The overarching goal of the workshop is to ensure that math/statistics faculty will acquire the skills and knowledge to offer instruction that is consistent with GAISE College Report. We will empower faculty to teach students to use computers/statistics software vs. calculators by use of free online tools (such as Little Apps and RStudio).


Kathryn Kozak, Ambika Silva, Jenna Carpenter

About the Presenters

Kathryn Kozak is mathematics faculty at Coconino Community College (AZ). She was the President of AMATYC in 2020-2021. She is the Co-Principal Investigator and workshop leader for the NSF-funded StatPREP project.


Ambika Silva is a community college mathematics professor at College of the Canyons in Los Angeles County, CA. She believes that the best teachers never stop learning, and her passion for teaching statistics reflects that. Involved in multiple statistics focused projects over the years, Ambika continues to advocate for the importance of having a more modern introductory statistics course driven by data.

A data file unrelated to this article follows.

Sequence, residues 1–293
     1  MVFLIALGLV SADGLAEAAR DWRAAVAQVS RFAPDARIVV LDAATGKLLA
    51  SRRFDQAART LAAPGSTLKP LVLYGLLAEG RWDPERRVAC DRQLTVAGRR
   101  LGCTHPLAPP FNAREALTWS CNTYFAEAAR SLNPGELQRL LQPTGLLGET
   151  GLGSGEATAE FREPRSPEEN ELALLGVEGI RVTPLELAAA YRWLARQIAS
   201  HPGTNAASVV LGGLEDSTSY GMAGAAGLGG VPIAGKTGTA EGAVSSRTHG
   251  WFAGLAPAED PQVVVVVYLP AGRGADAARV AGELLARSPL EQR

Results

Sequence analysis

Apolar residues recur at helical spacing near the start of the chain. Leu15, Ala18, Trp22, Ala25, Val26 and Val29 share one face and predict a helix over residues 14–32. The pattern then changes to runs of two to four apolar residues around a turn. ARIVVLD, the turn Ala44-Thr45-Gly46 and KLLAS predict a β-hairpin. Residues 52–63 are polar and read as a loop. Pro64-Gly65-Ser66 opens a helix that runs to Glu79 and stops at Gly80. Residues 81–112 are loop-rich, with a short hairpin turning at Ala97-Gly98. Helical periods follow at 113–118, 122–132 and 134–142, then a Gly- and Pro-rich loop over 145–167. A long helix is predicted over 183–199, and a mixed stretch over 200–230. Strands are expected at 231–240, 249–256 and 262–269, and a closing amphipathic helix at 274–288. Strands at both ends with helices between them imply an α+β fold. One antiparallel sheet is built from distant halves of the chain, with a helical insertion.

Jenna P. Carpenter is an expert in innovative STEM curricula. She is part of a team that won the 2022 National Academy of Engineering Bernard M. Gordon Prize for Innovation in Engineering and Technology Education, considered the Nobel Prize of engineering education.



Leveraging the IP Guide in Coordinating Large Multi-section Courses

July 12-14, 19-21, & 26-28, 12 PM - 3PM ET